nano particles of plastic in fish brains – altering behavior

Oceans Deeply
Report: Microplastic Can Penetrate Fish’s Brains, Altering Behavior/Written by Erica Cirino
For the first time scientists have shown that the smallest bits of marine plastic pollution – called nanoplastic – can move up the aquatic food chain and be absorbed by predators’ brains, affecting their ability to hunt.

NOAA Marine Debris grants- 2 funding opportunities available

The NOAA Marine Debris Program has just announced two federal funding opportunities for Fiscal Year 18, the “Marine Debris Removal” and “Marine Debris Prevention” grant competitions.
The Removal grant opportunity provides funding to support projects that will create long-term, quantifiable ecological habitat improvements for NOAA trust resources through on-the-ground marine debris removal activities, with priority for those targeting derelict fishing gear and other medium- and large-scale debris. Priority will be given to projects that also foster awareness of the effects of marine debris to further the conservation of living marine resource habitats, and contribute to the understanding of marine debris composition, distribution, and impacts. Proposals for removal grants are due November 1
The Prevention grant opportunity provides funding to support eligible organizations for activities to prevent the introduction of marine debris into the marine and coastal environment. Applicants requesting funding for projects to address a specific marine debris issue, and that will actively engage these groups in hands-on personal participation, are welcome to apply. Projects focused on efforts to prevent marine debris from entering the environment through targeted behavior change will be given priority. *Please note: to apply for marine debris prevention funding through this opportunity, applicants must first submit a Letter of Intent (LOI), via email, to, in accordance with the guidelines described in Section IV.B. of the funding opportunity announcement. The deadline for LOI submission is September 28, 2017. After NOAA reviews all submitted LOIs, only those invited to submit a full proposal will be considered for funding. Applicants will be notified by November 1, 2017 if they have been invited to submit a full proposal, which will be due on December 15, 2017.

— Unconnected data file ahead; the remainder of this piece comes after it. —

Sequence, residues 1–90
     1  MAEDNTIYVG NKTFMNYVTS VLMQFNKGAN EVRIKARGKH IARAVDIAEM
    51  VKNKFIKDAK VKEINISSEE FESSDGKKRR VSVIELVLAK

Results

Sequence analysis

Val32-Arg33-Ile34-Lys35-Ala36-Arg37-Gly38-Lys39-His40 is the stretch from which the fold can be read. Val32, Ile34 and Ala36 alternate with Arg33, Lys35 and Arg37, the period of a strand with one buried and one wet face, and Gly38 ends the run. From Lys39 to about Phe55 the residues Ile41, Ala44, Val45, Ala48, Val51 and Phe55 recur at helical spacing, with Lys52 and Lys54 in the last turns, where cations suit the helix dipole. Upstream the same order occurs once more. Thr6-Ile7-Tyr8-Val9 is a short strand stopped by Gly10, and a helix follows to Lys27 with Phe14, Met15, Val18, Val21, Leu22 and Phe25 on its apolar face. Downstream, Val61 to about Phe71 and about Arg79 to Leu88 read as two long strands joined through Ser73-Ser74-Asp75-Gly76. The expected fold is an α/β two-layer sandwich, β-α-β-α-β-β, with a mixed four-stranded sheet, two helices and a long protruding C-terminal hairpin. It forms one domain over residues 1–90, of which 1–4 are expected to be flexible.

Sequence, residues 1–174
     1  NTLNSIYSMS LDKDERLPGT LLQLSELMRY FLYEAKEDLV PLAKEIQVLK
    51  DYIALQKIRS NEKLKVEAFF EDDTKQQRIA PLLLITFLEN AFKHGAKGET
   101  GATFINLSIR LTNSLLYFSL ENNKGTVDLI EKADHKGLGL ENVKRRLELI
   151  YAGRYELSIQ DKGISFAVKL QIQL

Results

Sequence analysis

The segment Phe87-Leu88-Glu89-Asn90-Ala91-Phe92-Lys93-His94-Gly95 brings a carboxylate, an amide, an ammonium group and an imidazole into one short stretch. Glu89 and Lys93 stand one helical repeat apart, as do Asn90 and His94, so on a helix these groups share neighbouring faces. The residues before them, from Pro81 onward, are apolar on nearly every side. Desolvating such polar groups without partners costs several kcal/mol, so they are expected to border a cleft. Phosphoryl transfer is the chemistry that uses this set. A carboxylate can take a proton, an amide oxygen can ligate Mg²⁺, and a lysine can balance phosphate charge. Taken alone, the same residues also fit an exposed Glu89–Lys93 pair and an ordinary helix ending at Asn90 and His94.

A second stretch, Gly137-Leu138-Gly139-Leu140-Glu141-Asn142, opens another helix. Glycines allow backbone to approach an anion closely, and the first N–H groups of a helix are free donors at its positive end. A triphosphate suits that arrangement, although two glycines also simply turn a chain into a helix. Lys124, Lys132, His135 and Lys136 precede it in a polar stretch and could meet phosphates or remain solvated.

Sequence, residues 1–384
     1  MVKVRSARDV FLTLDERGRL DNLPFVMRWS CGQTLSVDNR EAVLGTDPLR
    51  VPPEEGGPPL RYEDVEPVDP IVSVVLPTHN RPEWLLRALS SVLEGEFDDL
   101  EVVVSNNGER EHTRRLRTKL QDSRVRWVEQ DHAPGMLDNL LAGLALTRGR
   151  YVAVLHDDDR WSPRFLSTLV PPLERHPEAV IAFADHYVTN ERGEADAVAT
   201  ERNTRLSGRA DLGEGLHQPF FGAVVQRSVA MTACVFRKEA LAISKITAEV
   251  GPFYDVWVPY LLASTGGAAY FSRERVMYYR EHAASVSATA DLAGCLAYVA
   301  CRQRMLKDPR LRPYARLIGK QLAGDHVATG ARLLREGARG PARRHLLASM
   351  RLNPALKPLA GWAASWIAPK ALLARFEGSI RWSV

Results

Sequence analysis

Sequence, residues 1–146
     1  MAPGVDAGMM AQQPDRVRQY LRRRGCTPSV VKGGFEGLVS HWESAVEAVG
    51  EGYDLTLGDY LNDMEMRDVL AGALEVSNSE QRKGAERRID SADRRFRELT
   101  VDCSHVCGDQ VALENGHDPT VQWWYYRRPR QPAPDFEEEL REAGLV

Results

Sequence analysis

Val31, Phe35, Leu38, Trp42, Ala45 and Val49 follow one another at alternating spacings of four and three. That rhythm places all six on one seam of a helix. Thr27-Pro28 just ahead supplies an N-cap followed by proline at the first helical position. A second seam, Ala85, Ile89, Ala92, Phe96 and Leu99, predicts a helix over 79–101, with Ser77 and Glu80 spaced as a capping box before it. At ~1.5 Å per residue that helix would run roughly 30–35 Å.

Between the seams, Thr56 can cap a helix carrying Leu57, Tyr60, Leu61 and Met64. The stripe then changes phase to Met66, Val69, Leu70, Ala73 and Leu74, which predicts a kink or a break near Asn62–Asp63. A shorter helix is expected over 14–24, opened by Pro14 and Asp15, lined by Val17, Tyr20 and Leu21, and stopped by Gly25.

Microbead free cosmetics law now in force in U.S.

Microbead-Free Waters Act of 2015 finally came into force last month. As of July 1, 2017 it is now unlawful to manufacture rinse-off cosmetic products with plastic microbeads in the US. Beginning July 1, 2018 it will be unlawful to sell such products in the US.

Do note that there is a 1-year delay in each case for over-the-counter drugs.

The full bill is at

Kenya has toughtest plastic bag ban

Kenya officially has the world’s toughest plastic-bag ban: importing, making, or selling plastic bags will now be punishable by fines of around $20,000 (the number varies in reporting between $19,000 to $38,000) or up to 4 years in jail.

The New York Times offers more details at And the BBC has more info at

For travelers, your duty-free plastic bags will need to be left at the airport upon arrival.

A Summary of the Literature on the Chemical Toxicity of Plastics Pollution on Aquatic Life …

The US EPA has published a new white paper on “A Summary of the Literature on the Chemical Toxicity of Plastics Pollution on Aquatic Life and Aquatic-Dependent Wildlife.”
Abstract: The amount of plastic debris, such as plastic bags and microbeads, entering marine and freshwater environments has increased significantly since the mass-production of plastics began in the 1940s and 1950s. The effect of plastic on aquatic organisms is not well understood beyond the obvious physical impacts. EPA has published a white paper to identify a state of the science on the toxicological effects of plastics and their associated chemicals on aquatic-dependent wildlife and aquatic life. The publication also identifies opportunities for research to improve the understanding of potential toxic impacts of plastic ingestion throughout the food web.

Marine litter resolution at the World Conservation Congress

The IUCN Members Assembly that was held last week as part of the World Conservation Congress in Honolulu passed a motion on marine litter. The motion recognizes the problem of marine plastic and calling on countries to prevent, reduce, and otherwise manage it.

The motion’s original proposed text was revised to emphasize the particular roles of microbeads and fish aggregation devices in contributing to the problem. Go here for the approved motion.

The motion was passed by 130 for 0 against member governments with 26 abstentions, and by 554 member non governmental organizations voting for, 7 opposed, with 126 abstentions.